By Jamie King
This semester has been the most inventive yet for Bangor’s English Drama Society, with all three plays in their lineup breaking out from the usual confines of the John Phillips Theatre’s proscenium staging to create a diverse array of theatre for the decent crowds they’ve drawn. The culmination of this programme is the noughties black comedy The God of Carnage, a translation of French playwright Yasmina Reza’s Le Dieu du Carnage – a one-act burst of middle class couples behaving badly, as Veronica and Michael (Roseanna Lovell and Lewis Wilson) welcome into their home Annette and Alan (Mae Bernard and Elliott Aboagye) after their kids get into a fight down the local park. The two pairs of parents are determined to resolve the issue like grown ups, and what soon bubbles to the surface – and then explodes – is an ego-driven riot of culture clashes, fragile masculinity and alarmingly-coloured vomit.
The text itself is a smart choice for a student production: Veronica and Michael’s living room is simple to create in a theatre round performance space in the middle of JP Theatre and needs only four actors and simple stage tech (managed by Ed Gilligan-Davis). But more importantly, The God of Carnage is not the usual GCSE-syllabus fare a Uni drama soc might churn out – and is something of a cool discovery for an audience and society that might not have otherwise heard of the play. There are interesting similarities with BEDS’ 2016 staging of Who’s Afraid of Virginia Woolf in Pontio’s studio theatre – another intense chamber piece of two dysfunctional couples – but be in no doubt, there are moments in Carnage so outlandish it makes Woolf look like a vicar’s tea party.
But this show is so much more than a succession of shocks: the key ingredient is a well-chosen cast of four performers who fill the space with sky-high energy and keep the audience buzzing with fantastic skill. In different hands, the play could have become an unvaried shouting match, but each of these actors has a natural understanding of dialogue and pace, and of exactly how far to ad lib and play around, so the whole hour-and-a-half is hugely engaging stuff. Proper effort has clearly been put into creating these big-personality characters: Roseanna Lovell strides and prickles full of artisan entitlement as “art history museum” exec Veronica, and Lovell’s ability to make their character so understandable and real you could meet her in any branch of Waitrose (or in some staffrooms at this Uni!) adds to their charisma, boosted by a great mercurial and commanding stage presence.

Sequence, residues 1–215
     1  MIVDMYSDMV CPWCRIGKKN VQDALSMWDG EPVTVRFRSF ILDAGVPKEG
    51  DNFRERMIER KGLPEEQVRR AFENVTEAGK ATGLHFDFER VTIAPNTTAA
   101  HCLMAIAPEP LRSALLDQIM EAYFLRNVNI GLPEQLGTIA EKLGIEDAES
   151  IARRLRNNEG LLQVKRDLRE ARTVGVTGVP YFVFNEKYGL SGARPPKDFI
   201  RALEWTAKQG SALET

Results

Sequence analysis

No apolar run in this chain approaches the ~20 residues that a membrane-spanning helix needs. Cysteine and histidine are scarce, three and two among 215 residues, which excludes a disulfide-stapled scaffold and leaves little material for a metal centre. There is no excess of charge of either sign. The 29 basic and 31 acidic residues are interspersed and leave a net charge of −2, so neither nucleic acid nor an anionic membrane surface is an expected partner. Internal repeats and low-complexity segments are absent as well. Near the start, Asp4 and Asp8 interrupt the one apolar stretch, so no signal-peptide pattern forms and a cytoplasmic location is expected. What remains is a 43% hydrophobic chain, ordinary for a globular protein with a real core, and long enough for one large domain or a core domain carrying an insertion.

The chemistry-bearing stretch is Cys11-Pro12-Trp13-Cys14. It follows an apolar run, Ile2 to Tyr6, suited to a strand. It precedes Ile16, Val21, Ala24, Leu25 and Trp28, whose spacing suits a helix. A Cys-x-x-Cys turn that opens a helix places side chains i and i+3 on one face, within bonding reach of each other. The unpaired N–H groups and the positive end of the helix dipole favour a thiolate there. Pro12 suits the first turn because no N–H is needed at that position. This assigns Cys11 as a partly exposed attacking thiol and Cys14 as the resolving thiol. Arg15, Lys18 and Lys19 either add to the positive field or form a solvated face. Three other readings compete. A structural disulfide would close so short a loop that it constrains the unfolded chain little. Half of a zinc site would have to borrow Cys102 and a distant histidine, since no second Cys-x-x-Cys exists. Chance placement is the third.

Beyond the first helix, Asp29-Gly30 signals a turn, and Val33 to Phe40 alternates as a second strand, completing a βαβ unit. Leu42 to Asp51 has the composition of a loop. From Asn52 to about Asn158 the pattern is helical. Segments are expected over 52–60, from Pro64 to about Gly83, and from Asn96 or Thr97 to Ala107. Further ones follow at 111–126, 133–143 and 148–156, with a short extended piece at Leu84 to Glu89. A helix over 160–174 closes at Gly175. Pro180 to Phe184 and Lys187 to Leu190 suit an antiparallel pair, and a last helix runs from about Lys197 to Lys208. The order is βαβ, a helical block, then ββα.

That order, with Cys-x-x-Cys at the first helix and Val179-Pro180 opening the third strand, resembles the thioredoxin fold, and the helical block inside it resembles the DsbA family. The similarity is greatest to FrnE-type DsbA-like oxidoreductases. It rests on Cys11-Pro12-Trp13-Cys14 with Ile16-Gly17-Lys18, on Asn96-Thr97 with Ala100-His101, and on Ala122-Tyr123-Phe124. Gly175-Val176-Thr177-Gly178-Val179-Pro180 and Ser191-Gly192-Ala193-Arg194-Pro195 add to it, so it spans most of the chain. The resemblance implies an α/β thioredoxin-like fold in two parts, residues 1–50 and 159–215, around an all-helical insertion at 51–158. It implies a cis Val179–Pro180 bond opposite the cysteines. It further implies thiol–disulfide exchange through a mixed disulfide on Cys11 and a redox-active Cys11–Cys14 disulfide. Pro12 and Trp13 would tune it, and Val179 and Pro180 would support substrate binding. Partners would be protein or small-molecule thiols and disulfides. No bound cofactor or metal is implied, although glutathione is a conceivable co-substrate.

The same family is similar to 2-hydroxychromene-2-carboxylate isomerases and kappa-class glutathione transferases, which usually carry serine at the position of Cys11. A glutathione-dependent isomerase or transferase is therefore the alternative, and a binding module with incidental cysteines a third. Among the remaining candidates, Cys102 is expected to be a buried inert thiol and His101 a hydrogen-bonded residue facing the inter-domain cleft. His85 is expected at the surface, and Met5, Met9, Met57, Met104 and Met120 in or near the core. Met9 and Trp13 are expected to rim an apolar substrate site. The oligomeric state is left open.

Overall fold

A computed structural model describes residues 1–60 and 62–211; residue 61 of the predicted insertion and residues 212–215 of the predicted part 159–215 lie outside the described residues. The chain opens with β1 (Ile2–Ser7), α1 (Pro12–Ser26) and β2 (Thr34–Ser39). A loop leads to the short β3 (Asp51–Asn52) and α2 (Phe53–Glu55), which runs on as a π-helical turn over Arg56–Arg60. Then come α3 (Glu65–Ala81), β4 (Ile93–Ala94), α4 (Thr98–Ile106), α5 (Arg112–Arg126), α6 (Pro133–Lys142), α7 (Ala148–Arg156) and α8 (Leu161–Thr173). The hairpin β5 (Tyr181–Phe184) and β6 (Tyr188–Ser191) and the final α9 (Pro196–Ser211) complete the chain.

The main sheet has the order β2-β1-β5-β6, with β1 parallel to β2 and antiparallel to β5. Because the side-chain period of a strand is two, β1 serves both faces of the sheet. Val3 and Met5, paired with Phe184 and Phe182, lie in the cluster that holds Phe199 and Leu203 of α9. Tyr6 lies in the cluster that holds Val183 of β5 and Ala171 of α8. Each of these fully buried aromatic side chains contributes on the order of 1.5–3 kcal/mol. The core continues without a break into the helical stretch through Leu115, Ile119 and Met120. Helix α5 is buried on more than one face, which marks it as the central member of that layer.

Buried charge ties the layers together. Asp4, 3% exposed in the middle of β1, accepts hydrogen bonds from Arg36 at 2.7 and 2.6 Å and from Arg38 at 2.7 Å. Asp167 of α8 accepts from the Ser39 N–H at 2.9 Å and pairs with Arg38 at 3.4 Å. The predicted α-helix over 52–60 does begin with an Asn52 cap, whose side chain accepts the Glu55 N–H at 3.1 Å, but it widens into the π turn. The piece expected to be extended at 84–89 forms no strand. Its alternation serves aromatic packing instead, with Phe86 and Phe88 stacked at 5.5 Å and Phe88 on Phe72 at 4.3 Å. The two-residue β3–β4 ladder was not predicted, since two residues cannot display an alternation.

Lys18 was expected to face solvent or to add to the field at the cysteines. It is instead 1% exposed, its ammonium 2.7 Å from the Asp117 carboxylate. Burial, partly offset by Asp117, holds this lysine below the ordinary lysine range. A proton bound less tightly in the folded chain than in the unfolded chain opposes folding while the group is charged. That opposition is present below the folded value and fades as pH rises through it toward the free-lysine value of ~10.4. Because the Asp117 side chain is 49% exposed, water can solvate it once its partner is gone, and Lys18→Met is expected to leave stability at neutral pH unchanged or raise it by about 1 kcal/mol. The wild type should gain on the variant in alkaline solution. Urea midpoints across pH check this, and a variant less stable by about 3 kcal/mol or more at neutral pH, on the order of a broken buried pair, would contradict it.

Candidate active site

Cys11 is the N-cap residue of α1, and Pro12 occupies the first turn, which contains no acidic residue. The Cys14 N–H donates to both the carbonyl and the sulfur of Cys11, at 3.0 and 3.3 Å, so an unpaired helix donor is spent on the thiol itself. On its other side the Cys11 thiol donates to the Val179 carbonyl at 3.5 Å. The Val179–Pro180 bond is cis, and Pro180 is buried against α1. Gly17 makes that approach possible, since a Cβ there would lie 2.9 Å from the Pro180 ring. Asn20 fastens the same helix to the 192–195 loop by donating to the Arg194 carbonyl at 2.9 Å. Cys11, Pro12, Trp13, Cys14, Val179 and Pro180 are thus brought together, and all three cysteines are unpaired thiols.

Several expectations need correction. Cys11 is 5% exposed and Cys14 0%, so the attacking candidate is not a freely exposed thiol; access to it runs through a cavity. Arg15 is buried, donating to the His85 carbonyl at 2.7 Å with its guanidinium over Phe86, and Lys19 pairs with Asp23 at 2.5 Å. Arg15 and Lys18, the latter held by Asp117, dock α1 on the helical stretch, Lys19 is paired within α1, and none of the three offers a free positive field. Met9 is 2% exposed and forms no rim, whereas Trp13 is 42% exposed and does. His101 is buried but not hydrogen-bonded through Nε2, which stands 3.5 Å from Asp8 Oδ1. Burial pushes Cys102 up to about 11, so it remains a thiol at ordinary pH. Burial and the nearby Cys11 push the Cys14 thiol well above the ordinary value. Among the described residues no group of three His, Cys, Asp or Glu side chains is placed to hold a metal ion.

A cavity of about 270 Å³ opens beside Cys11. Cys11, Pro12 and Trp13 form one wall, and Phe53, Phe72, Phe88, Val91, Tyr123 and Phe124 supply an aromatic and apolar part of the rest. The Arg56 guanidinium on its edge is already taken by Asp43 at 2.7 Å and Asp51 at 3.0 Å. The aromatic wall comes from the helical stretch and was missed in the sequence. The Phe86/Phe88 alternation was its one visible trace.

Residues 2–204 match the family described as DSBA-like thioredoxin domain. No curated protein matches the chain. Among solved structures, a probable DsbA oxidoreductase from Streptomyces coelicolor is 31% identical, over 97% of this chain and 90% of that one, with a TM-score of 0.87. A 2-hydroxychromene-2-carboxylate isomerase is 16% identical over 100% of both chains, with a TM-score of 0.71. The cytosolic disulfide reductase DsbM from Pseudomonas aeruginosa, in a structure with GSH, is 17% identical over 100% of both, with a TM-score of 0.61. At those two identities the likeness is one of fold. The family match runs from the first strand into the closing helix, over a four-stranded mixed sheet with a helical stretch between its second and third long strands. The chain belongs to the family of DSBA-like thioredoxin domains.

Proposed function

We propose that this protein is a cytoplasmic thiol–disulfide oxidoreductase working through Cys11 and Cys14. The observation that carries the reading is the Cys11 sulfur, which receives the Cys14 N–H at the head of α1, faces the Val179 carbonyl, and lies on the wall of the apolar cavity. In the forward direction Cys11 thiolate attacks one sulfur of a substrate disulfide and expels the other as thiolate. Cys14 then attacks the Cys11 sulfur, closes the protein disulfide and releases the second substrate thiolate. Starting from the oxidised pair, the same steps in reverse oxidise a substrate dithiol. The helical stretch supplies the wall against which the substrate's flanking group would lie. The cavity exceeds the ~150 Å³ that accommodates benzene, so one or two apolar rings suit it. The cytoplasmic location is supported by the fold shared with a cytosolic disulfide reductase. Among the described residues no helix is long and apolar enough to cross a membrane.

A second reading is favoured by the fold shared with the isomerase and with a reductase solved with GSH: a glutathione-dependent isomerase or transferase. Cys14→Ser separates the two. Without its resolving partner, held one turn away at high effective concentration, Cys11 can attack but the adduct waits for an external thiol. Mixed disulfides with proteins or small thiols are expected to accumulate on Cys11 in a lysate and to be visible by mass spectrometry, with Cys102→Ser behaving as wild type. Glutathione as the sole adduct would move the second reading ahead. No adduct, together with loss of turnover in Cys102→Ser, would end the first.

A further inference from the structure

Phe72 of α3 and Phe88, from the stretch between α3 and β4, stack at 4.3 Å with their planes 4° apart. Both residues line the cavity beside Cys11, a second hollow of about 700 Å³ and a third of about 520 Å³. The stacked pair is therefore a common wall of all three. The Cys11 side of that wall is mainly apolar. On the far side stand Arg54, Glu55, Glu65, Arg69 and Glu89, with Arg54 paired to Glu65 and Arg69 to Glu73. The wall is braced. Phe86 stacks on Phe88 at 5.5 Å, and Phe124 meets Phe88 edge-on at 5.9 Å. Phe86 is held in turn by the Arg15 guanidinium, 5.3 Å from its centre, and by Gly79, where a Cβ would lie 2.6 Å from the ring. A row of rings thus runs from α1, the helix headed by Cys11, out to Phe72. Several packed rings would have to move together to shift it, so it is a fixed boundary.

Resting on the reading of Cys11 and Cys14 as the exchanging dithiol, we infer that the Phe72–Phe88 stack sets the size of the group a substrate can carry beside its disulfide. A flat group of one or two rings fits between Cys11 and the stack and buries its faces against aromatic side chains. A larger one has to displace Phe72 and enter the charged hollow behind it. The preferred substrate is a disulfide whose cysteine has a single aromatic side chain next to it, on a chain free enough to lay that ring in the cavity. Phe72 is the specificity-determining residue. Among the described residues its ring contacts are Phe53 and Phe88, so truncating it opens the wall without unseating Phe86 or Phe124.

And a commanding stage presence is not an easy thing to have in such a heady mix that includes the two rowdy dads, Alan and Michael. Elliott Aboagye and Lewis Wilson will be familiar and much-loved faces to regular BEDS-goers (and regular Academi-goers) and the pair make fantastic disagreeable slobs here. Much of Wilson’s performance involves blurting out exasperation – which he attacks with precision and gusto – but in other moments, too, of finding common warmth with another character, or becoming more introspective, his acting also shines. His chemistry with Aboagye is certainly tremendous, as the character of Alan is similarly well crafted. A sleazy lawyer, forever cutting off the action to remonstrate with ‘Maurice’ down the phone, Aboagye’s Alan is a perfect creation, and proves what a talented actor he is, handling verbal, physical and interpersonal comedy (and challengingly enormous phone monologues) with flair.
In this cacophony of ten-tonne egos, it then becomes intriguing to add Mae Bernard’s quieter and well-meaning Annette, perching on chairs and cradling her head in her hands. Because Annette begins the play somewhat kinder and more straightforward than the others, it is her descent into drunken screaming, puking and slurring that is perhaps the most meaningful, and Bernard conveys her long-building frustration well. Although Annette’s actions are intended to speak loudest, she does seem the most underused of Reza’s characters, and the script could have given a bit more of a chance to get to know Annette better.
What all the Carnage characters share is a final destination of bigotry and despair. The play ends with the shocks more potent than vomit – Veronica and Michael’s racism, Alan’s sexism and Annette’s homophobia – still ringing. The casting of the couples gives a fresh context to these prejudices, and the impact of these offensive outbursts is played convincingly.
Perhaps The God of Carnage is designed to leave a bitter taste in the mouth, but what it certainly supplies is a cracking night of entertainment that has every audience member laughing from the belly and eager for more and more. The show is a fine achievement, not least on the part of directors Meg Mason and Briony Collins, and further proves how exciting and varied the performance scene at Bangor continues to be.
This large helping of carnage provides the exam-season tonic needed to see the year out with a bang. And a slap. And a puke. And a simply glorious amount of ad-libbed swearing.